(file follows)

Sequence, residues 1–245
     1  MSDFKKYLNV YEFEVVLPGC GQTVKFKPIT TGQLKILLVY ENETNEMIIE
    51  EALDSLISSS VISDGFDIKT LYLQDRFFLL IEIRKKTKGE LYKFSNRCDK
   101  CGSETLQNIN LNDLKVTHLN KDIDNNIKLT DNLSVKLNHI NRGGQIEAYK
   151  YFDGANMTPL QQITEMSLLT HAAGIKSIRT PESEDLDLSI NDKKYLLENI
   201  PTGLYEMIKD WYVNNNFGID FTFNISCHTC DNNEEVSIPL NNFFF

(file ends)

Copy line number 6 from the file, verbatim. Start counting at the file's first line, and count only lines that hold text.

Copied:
   201  PTGLYEMIKD WYVNNNFGID FTFNISCHTC DNNEEVSIPL NNFFF